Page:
3 NOTES ON SIMPLE NUMBER THEORY 3 Examples Example: Let a = 18 and b = 30 and c = 90. We can write each integer as a product of primes in increasing order: 18 = (2)(3)(3), 30 = (2)(3)(5), and 90 = (2)(3)(3)(5). The fundamental theorem of arithmetic assures us that this can always be accomplished. Let D n be the set of positive divisor of n. Then we have D 18 = {1, 2, 3, 9, 18}, D 30 = {1, 2, 3, 5, 6, 10, 15, 30}, and D 90 = {1, 2, 3, 5, 6, 9, 10, 15, 18, 30, 45, 90}. Simply through observation, we see that gcd(18, 30) = 3, gcd(18, 90) = 18, and gcd(30, 90) = 30. The Euclidean algorithm ensures that we can always find the greatest common divisor, even without knowing the factorization that the FTA says does exist. Example: Use the Euclidean Algorithm to find gcd(220, 143) and then to find x and y so that gcd(220, 143) = 220x + 143y. 11 = 220(2) + 143( 3) Example: Use the Euclidean Algorithm to show that 110 and 273 are relatively prime and then to write 1 as a linear combination of 110 and = 110( 67) + 273(27) (= ) Proofs Theorem: Let a and b be integers that are not both 0. Then gcd(a, b) is the least positive integer that is a linear combination of a and b. Proof: Let D be the set of common divisors of a and b and let L be the set of all linear combinations of a and b that are positive. Recall that if an integer divides both a and b, then it divides any linear combinations of a and b. To reiterate, any common divisor of a and b divides every linear combination of a and b. Thus, if we could find integers u, v D L such that u = v, the we would have u D and v L, from which we see that u v, which implies that u v. But, we also would have v D and u L, so v u and v u. But then u = v, which contradicts our assumption that there were two distinct elements in D L. Thus, D L has 0 or 1 elements. Notice also that if there is an element d D L, since for any c D, we would have c d, we would know that d = gcd(a, b). By the WellOrdering Principle, there is a least element of L. Let d be the least element of L. We show that d D, from which we will conclude that d = gcd(a, b). Let x and y be integers for which
4 NOTES ON SIMPLE NUMBER THEORY 4 d = ax + by. Now, using the division algorithm with a and d we have q and r such that a = dq + r, where 0 r < d. Thus r = a dq = a (ax + by)q = a(1 xq) + b( yq) Since r < d and d was the least element in L, we know r / L. It follows that r = 0 and so d a. A similar argument will verify that d b, which means d D. This completes the proof. Comment: The proof above proves the following corollary. Corollary: Let a and b be integers that are not both 0. Then d = gcd(a, b) if and only if d is a common divisor of a and b such that for any other common divisor of a and b, say c, we have c d. Theorem: Let a and b be positive integers. If b = aq + r for some integers q and r, then gcd(a, b) = gcd(r, a). Proof: Let d = gcd(a, b) and e = gcd(r, a). We will show that d = e. Notice that we have b written as a linear combination of a and r, so e divides the linear combination, which is b. Since e is assumed to divide a, this means e is a divisor of a and b, so e d. Also, since r = b aq, we can write r as a linear combination of b and a and we see that d divides the linear combination, which is r. Since d is assumed to divide a, we have d a divisor of both r and a, so d e. It follows that d = e. Theorem: Let d, a, and b be integers such that d ab. Then, if gcd(d, a) = 1, then d b. Proof: Since d ab, we can find an integer j s.t. ab = dj. Since gcd(d, a) = 1, we can find integers x and y s.t. 1 = dx + ay. Multiplying this last equation by b we get b = dbx + aby. Then substitution for ab gives us b = dbx + djy = d(bx + jy), so d b. Lemma: (Euclid s Lemma) Let a and b be integers and let p be a prime. Then, if p ab, then p a or p b. Proof: If p a, then there is nothing to prove, so we suppose that p does not divide a. Since the only positive divisor of p are 1 and p, we have gcd(a, b) = 1. But then the last theorem implies that p b. Theorem: Let n 2 be an integer and let a 1, a 2,..., a n be integers and let p be a prime. Then, if p divides the product a 1 a 2 a n, then p a i for some i, 1 i n. Proof: We use the PMI. The base case, n = 2 is Euclid s Lemma. For the inductive step, we suppose that p divides the product a 1 a 2 a k a k+1 and we let a = a 1 a 2 a k. Thus we have p aa k+1 and by Euclid s Lemma, p a or p a k+1. If p divides a k+1, then there is nothing to prove, so we assume p a, i.e., p a 1 a 2 a k. By assuming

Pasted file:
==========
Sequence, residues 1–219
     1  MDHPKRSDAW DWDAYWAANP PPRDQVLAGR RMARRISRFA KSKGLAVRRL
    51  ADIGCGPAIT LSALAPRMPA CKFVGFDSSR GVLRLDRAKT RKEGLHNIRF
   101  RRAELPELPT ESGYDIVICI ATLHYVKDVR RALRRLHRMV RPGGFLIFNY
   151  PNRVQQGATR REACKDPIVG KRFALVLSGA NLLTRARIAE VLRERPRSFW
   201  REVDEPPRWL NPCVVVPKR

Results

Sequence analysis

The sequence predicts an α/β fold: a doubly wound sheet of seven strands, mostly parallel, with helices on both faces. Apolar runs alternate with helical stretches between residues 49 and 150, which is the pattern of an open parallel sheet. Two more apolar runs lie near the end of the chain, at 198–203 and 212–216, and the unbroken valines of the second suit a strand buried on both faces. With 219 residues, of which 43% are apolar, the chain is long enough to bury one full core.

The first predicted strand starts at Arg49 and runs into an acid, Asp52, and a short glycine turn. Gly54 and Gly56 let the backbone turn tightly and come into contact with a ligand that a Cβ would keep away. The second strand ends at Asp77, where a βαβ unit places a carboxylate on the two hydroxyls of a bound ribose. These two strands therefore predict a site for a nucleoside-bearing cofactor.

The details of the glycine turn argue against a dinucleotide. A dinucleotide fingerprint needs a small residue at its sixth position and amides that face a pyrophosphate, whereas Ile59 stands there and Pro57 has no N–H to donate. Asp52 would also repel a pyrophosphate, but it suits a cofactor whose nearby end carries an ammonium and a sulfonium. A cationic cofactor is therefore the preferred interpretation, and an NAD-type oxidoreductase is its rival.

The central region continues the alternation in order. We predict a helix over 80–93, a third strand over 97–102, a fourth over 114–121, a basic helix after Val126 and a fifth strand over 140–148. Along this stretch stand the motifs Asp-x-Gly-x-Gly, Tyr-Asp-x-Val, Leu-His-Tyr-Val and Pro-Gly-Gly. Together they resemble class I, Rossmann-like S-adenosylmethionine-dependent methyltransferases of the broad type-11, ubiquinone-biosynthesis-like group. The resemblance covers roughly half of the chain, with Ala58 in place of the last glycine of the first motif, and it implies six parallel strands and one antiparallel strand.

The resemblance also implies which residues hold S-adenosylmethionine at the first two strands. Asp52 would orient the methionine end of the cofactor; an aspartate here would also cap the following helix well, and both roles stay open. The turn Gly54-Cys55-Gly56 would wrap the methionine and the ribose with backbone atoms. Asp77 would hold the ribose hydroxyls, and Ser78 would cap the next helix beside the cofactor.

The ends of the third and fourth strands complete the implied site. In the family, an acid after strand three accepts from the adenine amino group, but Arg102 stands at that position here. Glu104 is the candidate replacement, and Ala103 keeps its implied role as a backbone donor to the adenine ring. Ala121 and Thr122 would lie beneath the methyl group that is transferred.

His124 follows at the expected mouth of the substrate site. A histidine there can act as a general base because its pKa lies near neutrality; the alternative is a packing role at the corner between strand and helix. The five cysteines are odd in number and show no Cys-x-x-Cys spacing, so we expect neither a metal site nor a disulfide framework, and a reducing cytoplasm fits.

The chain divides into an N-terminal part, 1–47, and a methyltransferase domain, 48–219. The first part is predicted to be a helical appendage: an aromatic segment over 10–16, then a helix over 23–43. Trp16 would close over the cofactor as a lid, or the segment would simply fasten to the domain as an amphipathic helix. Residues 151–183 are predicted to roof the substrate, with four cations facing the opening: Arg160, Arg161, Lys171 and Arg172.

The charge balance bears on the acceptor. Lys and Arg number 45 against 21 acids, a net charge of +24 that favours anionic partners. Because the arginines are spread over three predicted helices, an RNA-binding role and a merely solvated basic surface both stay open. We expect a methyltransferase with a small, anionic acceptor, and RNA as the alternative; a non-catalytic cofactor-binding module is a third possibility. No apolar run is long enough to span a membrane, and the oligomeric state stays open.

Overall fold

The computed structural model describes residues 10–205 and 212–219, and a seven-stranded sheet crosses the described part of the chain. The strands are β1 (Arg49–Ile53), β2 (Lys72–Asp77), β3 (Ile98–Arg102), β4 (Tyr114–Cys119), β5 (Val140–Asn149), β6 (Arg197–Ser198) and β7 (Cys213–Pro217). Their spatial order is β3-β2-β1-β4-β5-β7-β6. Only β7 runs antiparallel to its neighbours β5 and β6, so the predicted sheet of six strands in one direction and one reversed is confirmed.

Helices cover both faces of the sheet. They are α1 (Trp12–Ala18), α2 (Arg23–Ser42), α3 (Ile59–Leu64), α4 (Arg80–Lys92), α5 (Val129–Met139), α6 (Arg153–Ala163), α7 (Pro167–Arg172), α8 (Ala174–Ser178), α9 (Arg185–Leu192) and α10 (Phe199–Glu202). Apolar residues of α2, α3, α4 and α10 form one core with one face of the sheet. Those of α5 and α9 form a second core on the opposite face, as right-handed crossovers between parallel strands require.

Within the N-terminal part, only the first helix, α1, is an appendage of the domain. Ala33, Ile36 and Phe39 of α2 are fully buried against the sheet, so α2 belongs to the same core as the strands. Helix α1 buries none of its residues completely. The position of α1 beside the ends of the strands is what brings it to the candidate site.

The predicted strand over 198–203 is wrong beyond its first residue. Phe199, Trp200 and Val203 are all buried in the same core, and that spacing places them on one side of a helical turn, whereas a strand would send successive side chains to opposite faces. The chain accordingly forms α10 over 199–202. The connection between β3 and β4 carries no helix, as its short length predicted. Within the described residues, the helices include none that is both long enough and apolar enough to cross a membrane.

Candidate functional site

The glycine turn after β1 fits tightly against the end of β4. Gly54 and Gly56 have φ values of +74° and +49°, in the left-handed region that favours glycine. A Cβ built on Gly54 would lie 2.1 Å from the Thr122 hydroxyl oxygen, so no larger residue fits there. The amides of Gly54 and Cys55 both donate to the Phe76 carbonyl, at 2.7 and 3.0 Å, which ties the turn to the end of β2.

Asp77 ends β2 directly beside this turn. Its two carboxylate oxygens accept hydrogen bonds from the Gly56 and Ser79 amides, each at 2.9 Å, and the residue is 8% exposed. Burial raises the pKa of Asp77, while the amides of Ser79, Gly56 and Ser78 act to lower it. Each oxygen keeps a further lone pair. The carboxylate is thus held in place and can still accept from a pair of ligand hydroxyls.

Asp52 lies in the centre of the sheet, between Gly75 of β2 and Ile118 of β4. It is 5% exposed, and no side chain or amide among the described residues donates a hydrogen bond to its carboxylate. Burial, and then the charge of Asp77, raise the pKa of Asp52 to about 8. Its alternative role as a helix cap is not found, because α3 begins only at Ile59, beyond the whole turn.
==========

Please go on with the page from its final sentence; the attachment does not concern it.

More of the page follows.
5 NOTES ON SIMPLE NUMBER THEORY 5 the inductive hypothesis, we conclude that p divides at least one of a 1, a 2,..., a k. Since this proves the inductive step, the PMI implies the theorem. Theorem: (Fundamental Theorem of Arithmetic) Every integer n 2 can be expressed as a product of primes. That is, n = p 1 p 2 p k where p i is a prime for each i, 1 i k. Moreover, the factorization is unique excepting the order in which the primes are written. Notice that the p i need not be distinct and that n is prime if and only if there is only one prime factor of n. Proof: We use the SPMI on n. The base case is n = 2, for which n is already written as a product of primes. For the inductive step, n is prime then n is already written as a product of primes. Thus, we can assume that n is not prime. This means that n is composite and there exist positive integers a, b s.t. n = ab. Applying the inductive hypothesis to a and to b, we can assume that each of a and b is a product of primes, which means that their product ab = n is a product of primes. All that remains is to show that this factorization is unique except for the order in which the factors are written. Suppose to the contrary that the factorization were not unique. Then we would be able to write n = p 1 p 2 p k and n = q 1 q 2 q l where p i is prime for 1 i k and q i is prime for 1 i l and p i p i+1 for 1 i k 1 and q i q i+1 for 1 i i 1; and by the Well Ordering Principle, there is a least index i for which p i = q i. We let m denote this index. Thus, p i = q i for 1 i < m and p m = q m. Also, we have n = p 1 p 2... p m 1 p m... p k = q 1 q 2... q m 1 q m... q l. Dividing both sides by p 1 p 2... p m 1, we arrive at p m... p k = q m... q l. But then we observe that p m divides the product q m... q l, which implies that p m divides at least one of the q i where m i l. We denote this prime by q j and conclude that since p m q j, we know p m q j. But we also know that q m q j by the ordering assumption. Thus p m q m. A symmetric argument leads to the conclusion that q m p m. But then we must conclude that p m = q m, which contradicts m being the least index for which p i = q i. The only possibility that remains is that there is no least positive index for which p i = q i, which means that p i = q i. Since this argument can be applied to the p i or the q i, we must also conclude that k = l and that the factorization is unique.